The PRC Personal Information Protection Law (PIPL), offers a detailed definition of the term “Personal Information” and further clarifies the concept of “sensitive” personal information. It further sharpens the focus on the transfer of such personal information/ sensitive personal information. Article 1 of the PIPL reads “This Law is enacted in accordance with the Constitution to protect personal information rights and interests, regulate the processing of personal information, and promote the reasonable use of personal information”.
Objective of PIPL
Article 3 provides that the PIPL shall be applicable for the processing of the personal information of natural persons within the territory of the People’s Republic of China. It further mentions that it shall also be applicable for activities which are carried out outside the territory of PRC where personal information of natural persons within PRC is processed in circumstances such as- (i) the purpose is to provide products or services to domestic natural persons; (ii) the purpose is to analyse and evaluate the activities of domestic natural persons; and (iii) other circumstances provided by laws and administrative regulations.
Definition of ‘Personal Information’ and ‘Sensitive Personal Information’
Article 4 of the PIPL defines ‘Personal Information’ and “Processing of Personal Information. According to Article 4, Personal Information refers to “various kinds of information related to identified or identifiable natural persons recorded by electronic or other means, excluding the information processed anonymously.” It further provides that processing of personal information shall include collection, storage, use, transmission, publication and erasure of personal information. Similarly, Article 28 of the PIPL defines ‘Sensitive Personal Information’ as “personal information that, if leaked or used illegally, may easily cause harm to the dignity of natural persons, or serious damage to the safety of individuals and properties, including information relating to biometric identification, religious beliefs, specific identities, healthcare, financial account, individual location tracking, etc., as well as personal information of minors under the age of 14”.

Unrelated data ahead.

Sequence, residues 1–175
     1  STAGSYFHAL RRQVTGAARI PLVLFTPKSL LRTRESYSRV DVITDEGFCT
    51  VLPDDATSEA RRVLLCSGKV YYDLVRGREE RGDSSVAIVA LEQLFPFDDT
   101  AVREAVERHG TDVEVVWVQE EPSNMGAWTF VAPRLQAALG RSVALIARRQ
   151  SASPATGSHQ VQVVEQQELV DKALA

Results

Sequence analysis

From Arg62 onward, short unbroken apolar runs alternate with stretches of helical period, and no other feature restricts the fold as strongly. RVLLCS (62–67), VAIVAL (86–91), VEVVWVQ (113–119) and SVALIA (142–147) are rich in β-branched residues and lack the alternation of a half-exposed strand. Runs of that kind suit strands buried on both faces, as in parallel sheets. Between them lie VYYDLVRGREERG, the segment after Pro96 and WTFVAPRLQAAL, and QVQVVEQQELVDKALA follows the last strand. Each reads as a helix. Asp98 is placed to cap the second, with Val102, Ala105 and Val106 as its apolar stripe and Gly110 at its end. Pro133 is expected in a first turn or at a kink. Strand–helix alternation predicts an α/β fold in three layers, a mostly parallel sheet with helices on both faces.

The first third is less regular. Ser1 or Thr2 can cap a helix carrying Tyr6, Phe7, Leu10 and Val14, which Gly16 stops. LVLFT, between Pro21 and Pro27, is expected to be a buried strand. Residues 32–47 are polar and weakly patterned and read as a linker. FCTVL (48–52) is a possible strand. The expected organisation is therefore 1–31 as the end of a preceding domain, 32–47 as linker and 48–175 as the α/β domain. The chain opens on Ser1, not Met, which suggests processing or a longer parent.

Disclosures by the processors
The PIPL objectively lays down that there should be specific reasons for the collection and processing of information. Article 13 categorically mentions that Processors shall only process the information in situations prescribed by the PIPL, which are:
(i) When individuals’ consents have been obtained;
(ii) For the performance of a contract;
(iii) For fulfilling legal duties/obligations;
(iv) Or news reporting in the public interest; and
(v) When one’s personal information has been disclosed publicly by the individual themselves or was otherwise legally disclosed.
As per Article 31, the Processors are also bound to disclose when processing information of minors below the age of 14 and obtain consent from parents/ guardians. Further, it requires Processors to formulate special personal information processing rules for handling the personal information of minors under the age of 14.
Article 17 ensures that the following things are explicitly disclosed to the individuals prior to collection/ processing of information- (i) the name and contact information of the processor; (ii) the purpose, method and period of retention; (iii) method and procedure for the individual to exercise their rights and (v) any other matters mandated by laws.
Consent for collection of ‘Personal Information’ and ‘Sensitive Personal Information’
Article 14 provides that if personal information is collected with the prior consent of the individual, then such consent given must be voluntary and explicit. Further, if the purpose or method of processing the information changes, additional consent for the same must be given by the individual.
As per Article 27, Processors may reasonably process information disclosed by an individual except where the individual explicitly refuses. It further adds that if the processing of such disclosed information has a major impact on the rights and interests of individuals, then the processors are bound to obtain consent from the individuals for the same.